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Tag Archive: breakfast

Loaded Zucchini Bread

October 18, 2013 Print this page

The best bread to have for breakfast or snack in the summertime! Filled with vegetables, fruit, and deliciousness, your stomach will thank you for feeding it this.

Ingredients

Prep Time 20 min
Cooking Time 50 min
Total Time 90 min
Yield 1 loaf

1 medium zucchini

3 large eggs

1/3 cup of coconut nectar (can be substituted with honey or maple syrup)

1/2 cup of unsweetened applesauce or mashed banana

1 teaspoon of vanilla extract

1 teaspoon of apple cider vinegar

1 1/2 cups of blanched almond flour

1 teaspoon of baking soda

1 tablespoon of cinnamon

1/2 teaspoon of ginger

1/4 teaspoon of nutmeg (optional)

1/4 teaspoon of cloves (optional)

3/4 cup of unsweetened shredded coconut or slivered almonds

1/2 cup of raisins

Directions

Preheat the oven to 350 degrees and cut out a piece of parchment paper to fit snugly on the bottom of a 9 x 5 loaf pan. With non-stick cooking spray or a paper towel with some coconut oil, heavily grease the pan.

Using a hand grater or a food processor, grate 1 heaping cup of zucchini.

Once you have your zucchini measured out, scoop it up and put it into a large piece of cheesecloth or paper towel. Form it into a ball, twist the top, and squeeze out as much liquid as you can. Set aside until ready to use.

In the bowl of a stand mixer, beat together the eggs and coconut nectar. When the liquids are homogeneous, add in the applesauce, vanilla extract, and apple cider vinegar. Beat on medium until well-combined.

With the mixer off, pour in the blanched almond flour, baking soda, cinnamon, ginger, and nutmeg and cloves, if you’re using them.

Mix everything together on medium-low until no clumps of almond flour remain, about two minutes. Scrape down the bowl once or twice, if necessary.

With a spatula, gently fold in the zucchini, unsweetened shredded coconut, and raisins.

Pour the batter into the prepared loaf pan, and bake until golden brown on top and a knife comes out clean in the center, about 45 to 55 minutes.

Let the bread cool in the loaf pan for at least an hour before removing and slicing.


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Carrot Muffins

October 3, 2013 Print this page

These carrot muffins, however, are made with simple, wholesome ingredients and are much more filling than a typical morning treat. Throw in a few slices of fresh avocado and piece or two of pastured bacon, and you’ve got yourself an complete meal. Make a big batch on Sunday night and enjoy easy breakfasts for the entire week.

Ingredients

Prep Time
Cooking Time
Total Time 1 hr
Yield 12 Muffins

2 cups blanched almond flour
1 teaspoon baking soda
pinch of sea salt
1.5 tablespoons of cinnamon
2 eggs
1/4 cup raw honey (or maple syrup, if you prefer)
1/2 cup melted refined coconut oil
1 tablespoon vanilla extract
1 teaspoon almond extract (optional)
1 teaspoon unfiltered apple cider vinegar
2 tablespoons pumpkin puree
6 ounces shredded carrots
1/3 cup raisins
1/2 cup chopped hazelnuts

Directions

  1. First, preheat the oven to 350 degrees and line a 12 tin muffin pan with parchment baking cups. (I like If You Care ones best!)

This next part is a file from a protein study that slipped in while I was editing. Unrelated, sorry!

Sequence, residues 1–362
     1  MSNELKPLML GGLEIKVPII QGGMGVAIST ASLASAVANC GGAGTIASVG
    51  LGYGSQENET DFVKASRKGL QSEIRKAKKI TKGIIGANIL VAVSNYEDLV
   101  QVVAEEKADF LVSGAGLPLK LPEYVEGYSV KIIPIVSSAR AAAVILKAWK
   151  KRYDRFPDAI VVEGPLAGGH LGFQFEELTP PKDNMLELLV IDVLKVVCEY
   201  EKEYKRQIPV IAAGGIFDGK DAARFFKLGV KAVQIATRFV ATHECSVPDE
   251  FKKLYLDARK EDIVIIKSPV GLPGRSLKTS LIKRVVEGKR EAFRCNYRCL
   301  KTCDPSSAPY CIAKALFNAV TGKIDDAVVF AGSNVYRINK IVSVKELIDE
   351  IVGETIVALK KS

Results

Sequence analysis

2. In a medium-sized bowl, combine 2 cups of blanched almond flour, 1 teaspoon of baking soda, a pinch of salt, and 1 1/2 tablespoons of cinnamon.
  3. Mix with your hands to break up any clumps in the almond flour and set aside.
  4. In the bowl of a stand mixer, beat 2 eggs, 1/4 cup raw honey (or maple syrup, if you prefer), 1/2 cup of melted refined coconut oil, 1 tablespoon of vanilla extract, 1 teaspoon of almond extract, and 1 teaspoon of unfiltered apple cider vinegar on medium (for me, about setting 4) until one solid color, about 2 to 3 minutes. The almond extract is optional, but I like it for the nutty taste it gives.
  5. Before you add the dry ingredients, add a heaping 2 tablespoons of pureed pumpkin. Mix for one minute more.

Add in the almond flour mixture and continue mixing until well-combined, about 2 to 3 minutes longer. Then, pour in 6 ounces of shredded carrots, 1/3 cup of raisins, and 1/2 cup of chopped hazelnuts. Feel free to use walnuts, pecans, or almonds instead of the hazelnuts, or leave out the nuts and raisins altogether.

With two large spoons, evenly distribute the batter among the 12 muffin tins. Bake until golden brown on top and a toothpick comes out clean in the center, about 30 minutes.

Allow to cool in the pan for at least 30 minutes, then store in an airtight container for up to a week.


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Loaded Zucchini Bread (gluten-free, dairy-free, paleo)

August 26, 2013 Leave your thoughts Print this page

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This is a seriously nutrient-packed bread, if there ever was one. You’ve got a massive dose of vitamin C from the moist zucchini, some healthy fats from the tender coconut flakes, and a good amount of potassium from the perfectly sweet raisins. Served warm with a scoop of coconut whipped cream or toasted with a swirl of nut butter, this zucchini bread is excellent for any occasion.

But where did my zucchini come from? Now, this is a special story.

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I captured this beautiful butterfly at Amber Waves Farm in Amagansett, New York, while I picked basket after basket of bright orange cherry tomatoes. The mid-morning sun warmed my back as smells of freshness and summer danced around in the air. Behind me were rows and rows of eggplants, cucumbers, and squashes, all at their peak ripeness.

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In charge of this amazing place are Katie and Amanda, two women whom I have the utmost respect for. For five years now, they’ve been independently running Amber Waves Farm, spending day after day planting, picking, and packing. But they love what they’re doing. They always are upbeat and have smiles on their faces, even in the heat after waking up early. Together, they’ve created an incredible farm focused on learning about the healthiest, tastiest foods in the world: fruits and vegetables.